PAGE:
CREE OF ARROWS by Louis A. Brennan

CREE OF ARROWS

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KIRKUS REVIEW

Rippling with sadism, sex and fluent storytelling, this is obviously headed for a paperback future. Told in kennings (i.e. snake-still, sun-toughened, tree-shielded, muscle-strung-- can such a word-jam flourish-live?) it records the destiny of Hawkbow who must slay his tribe's great enemy Tato-Taho of the Onondagas. Hawkbow, the biggest Shawnee ever, is accompanied by Two Winds, the biggest lover ever. While waiting to ambush Tato-Taho, Hawkbow kills a grandfather rattler and is struck senseless by lightning for his deed. He awakens, tied to a stake, and is tortured by women. Two Winds, also captured, is not tortured by the women because his virility is so evident. Finally Tato-Taho appears and frustrated in his attemps to kill Hawkbow and Two Winds, he attacks his whole village ""from the old... from women heavy with child... from warriors tempered in a hundred raids...."" The mystique of the Indians compels a certain acceptance. Three whoops for myth and magic.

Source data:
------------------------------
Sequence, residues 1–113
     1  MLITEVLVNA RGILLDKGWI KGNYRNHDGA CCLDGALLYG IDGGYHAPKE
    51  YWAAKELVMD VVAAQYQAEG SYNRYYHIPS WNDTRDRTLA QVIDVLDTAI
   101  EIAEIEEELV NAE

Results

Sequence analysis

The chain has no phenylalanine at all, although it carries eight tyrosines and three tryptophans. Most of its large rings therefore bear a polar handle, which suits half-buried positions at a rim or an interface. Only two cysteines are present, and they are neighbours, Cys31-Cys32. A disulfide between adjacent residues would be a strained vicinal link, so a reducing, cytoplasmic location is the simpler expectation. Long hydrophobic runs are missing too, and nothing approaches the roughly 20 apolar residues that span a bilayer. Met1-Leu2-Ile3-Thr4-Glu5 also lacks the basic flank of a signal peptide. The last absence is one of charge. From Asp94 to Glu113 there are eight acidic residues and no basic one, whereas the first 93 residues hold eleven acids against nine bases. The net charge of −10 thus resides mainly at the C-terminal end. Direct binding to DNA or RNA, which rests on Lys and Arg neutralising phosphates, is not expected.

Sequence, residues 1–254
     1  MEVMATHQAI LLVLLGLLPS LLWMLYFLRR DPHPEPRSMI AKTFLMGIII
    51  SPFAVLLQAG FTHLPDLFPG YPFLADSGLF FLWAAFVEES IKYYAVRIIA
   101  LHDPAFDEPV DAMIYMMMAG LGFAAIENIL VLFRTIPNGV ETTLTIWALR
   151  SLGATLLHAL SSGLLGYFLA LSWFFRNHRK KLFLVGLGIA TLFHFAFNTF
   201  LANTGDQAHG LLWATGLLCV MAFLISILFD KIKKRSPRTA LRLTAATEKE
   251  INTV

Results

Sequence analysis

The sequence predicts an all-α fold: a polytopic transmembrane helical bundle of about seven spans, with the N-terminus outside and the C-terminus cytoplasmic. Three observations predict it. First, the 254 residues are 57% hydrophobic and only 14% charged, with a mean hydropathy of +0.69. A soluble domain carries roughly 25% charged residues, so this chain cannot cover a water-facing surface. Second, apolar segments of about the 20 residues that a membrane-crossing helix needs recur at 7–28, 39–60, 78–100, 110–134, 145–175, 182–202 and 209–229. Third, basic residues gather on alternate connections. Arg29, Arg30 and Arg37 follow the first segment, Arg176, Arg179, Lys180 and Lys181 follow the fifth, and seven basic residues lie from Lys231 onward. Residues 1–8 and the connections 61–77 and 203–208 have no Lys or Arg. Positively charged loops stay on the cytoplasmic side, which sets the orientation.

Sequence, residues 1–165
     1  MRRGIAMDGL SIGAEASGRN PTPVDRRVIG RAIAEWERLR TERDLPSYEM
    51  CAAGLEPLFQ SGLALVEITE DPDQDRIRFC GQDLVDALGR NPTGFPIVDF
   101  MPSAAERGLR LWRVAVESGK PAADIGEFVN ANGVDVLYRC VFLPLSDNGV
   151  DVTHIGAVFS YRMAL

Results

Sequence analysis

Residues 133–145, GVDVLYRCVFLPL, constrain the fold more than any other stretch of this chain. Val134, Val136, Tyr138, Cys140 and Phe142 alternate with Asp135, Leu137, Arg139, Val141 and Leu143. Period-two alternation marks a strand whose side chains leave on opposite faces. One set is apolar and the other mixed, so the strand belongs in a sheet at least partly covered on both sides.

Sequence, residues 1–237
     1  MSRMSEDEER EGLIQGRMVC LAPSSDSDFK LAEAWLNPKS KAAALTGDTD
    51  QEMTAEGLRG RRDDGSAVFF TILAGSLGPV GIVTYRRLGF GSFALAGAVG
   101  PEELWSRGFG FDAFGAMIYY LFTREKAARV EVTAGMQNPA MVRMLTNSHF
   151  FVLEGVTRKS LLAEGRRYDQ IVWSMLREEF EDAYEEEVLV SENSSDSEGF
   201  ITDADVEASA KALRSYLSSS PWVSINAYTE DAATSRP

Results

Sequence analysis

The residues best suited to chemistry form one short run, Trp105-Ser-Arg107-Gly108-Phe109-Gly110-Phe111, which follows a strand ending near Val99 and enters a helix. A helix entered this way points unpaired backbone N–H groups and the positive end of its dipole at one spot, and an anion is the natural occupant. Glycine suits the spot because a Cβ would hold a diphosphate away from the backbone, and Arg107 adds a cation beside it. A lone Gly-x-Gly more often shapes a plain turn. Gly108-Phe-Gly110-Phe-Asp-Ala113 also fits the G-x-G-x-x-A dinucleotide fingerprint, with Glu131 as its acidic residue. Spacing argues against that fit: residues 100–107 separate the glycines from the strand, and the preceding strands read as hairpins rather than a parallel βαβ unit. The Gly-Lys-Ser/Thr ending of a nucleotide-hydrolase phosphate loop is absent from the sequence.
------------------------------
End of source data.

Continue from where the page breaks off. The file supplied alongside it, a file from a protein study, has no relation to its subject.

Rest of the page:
Publisher: Macmillan